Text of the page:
Anticoagulation: Management & Treatment Menu

Management of Thrombus Disease

When thrombus disease is diagnosed, any delay in anticoagulation increases the risk of life-threatening embolization. Treatment, primarily via the use of anticoagulants (“blood thinners”), has two goals:

  • Dissolve any clots that are present and inhibit a current thrombotic tendency with initial anticoagulation
  • Preventing clots in the future, with long-term (maintenance) anticoagulation

Initial Anticoagulation

Initial anticoagulation is done for up to 10 days. Medication can be from a variety of anticoagulants, among them:

  • Subcutaneous heparin: Heparin increases the activity of antithrombin III, which interferes with the clotting factor, thrombin, it its role; heparin also inhibits several other clotting factors.
  • Subcutaneous fondaparinux: This inhibits Factor Xa, one of the clotting factors.

Long-Term Anticoagulation

After initial anticoagulation, therapeutic long-term (maintenance) anticoagulation is used. The duration of treatment depends on a patient’s risk factors for recurrence.

Since the highest risk of thrombus recurrence is in the first three months of anticoagulation, a time span which includes the transition from initial to maintenance anticoagulation, the conversion should be smooth with uninterrupted effective anticoagulation.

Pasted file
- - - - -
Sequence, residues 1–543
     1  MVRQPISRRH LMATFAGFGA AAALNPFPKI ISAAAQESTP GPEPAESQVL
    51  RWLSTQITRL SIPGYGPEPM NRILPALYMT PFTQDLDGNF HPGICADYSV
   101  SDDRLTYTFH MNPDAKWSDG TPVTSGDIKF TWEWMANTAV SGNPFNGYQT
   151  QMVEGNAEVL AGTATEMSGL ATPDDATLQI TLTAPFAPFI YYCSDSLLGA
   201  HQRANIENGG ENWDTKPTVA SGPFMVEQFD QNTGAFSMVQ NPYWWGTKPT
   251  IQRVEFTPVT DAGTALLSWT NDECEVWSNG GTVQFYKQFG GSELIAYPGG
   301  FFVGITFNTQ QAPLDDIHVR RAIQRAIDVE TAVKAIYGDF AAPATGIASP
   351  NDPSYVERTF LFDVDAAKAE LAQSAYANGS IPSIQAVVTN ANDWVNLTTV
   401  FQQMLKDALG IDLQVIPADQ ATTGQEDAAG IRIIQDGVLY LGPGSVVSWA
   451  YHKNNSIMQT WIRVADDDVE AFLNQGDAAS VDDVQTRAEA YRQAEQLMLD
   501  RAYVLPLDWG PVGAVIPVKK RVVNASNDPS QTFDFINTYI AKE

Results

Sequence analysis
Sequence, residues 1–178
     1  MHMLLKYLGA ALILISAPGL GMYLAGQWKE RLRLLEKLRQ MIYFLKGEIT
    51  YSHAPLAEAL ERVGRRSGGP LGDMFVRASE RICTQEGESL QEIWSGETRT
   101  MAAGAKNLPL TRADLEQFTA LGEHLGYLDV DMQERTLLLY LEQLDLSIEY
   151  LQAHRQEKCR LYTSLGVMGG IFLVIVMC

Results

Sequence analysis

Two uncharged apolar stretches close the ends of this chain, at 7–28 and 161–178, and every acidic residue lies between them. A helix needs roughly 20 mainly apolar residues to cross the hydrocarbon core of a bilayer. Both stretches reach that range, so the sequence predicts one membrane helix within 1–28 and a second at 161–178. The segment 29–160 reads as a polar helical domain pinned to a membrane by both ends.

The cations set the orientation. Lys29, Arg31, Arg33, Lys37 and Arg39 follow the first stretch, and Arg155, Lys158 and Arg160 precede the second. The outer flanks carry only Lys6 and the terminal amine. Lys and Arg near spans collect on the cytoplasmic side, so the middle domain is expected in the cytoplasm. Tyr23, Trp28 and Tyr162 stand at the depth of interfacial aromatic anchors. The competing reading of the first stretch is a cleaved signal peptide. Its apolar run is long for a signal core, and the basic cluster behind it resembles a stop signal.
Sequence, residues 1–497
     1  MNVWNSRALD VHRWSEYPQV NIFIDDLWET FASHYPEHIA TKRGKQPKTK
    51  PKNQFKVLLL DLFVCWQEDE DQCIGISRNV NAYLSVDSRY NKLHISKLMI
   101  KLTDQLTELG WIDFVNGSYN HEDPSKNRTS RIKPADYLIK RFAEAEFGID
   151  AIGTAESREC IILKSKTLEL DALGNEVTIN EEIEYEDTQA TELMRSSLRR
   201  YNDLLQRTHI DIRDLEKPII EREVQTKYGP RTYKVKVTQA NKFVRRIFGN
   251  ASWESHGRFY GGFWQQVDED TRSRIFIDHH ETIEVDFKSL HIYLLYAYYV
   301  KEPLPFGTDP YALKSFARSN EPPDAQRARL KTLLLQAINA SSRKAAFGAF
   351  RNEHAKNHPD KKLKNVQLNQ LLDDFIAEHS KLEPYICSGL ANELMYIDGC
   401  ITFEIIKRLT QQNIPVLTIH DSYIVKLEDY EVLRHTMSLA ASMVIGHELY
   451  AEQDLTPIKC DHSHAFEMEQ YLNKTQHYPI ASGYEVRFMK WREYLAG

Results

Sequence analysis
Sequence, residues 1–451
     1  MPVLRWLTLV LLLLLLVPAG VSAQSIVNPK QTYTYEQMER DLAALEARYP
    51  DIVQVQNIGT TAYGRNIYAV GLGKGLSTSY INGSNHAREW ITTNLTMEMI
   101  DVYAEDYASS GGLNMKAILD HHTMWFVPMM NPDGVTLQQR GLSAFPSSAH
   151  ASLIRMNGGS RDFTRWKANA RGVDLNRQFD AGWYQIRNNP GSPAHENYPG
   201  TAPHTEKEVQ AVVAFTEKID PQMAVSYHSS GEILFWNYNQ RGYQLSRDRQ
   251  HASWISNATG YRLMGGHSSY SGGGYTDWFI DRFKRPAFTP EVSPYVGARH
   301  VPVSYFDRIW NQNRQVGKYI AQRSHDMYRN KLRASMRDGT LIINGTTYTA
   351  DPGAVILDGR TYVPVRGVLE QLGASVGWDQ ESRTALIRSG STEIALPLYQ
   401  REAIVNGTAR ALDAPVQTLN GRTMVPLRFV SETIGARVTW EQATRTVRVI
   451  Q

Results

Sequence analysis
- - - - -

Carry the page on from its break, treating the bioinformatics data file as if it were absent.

• Monotherapy (one agent): via oral rivaroxaban and apixaban for those who begin long-term therapy without the need for an initial coagulation period.
  • Edoxaban and dabigatran orally: Are used after a five-day course of initial anticoagulation.
  • Warfarin: an anti-vitamin K agent, is for patients who are not pregnant (Category “X”) and for those with kidney disease. It is used for conversion from  initial therapy (subcutaneous heparin) to oral long-term therapy. Warfarin is also easily reversed, in cases of a need for surgery.
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This information is provided by Vascular Health Clinics and is not intended to replace the medical advice of your doctor or healthcare provider. Please consult your healthcare provider for advice about a specific medical condition.

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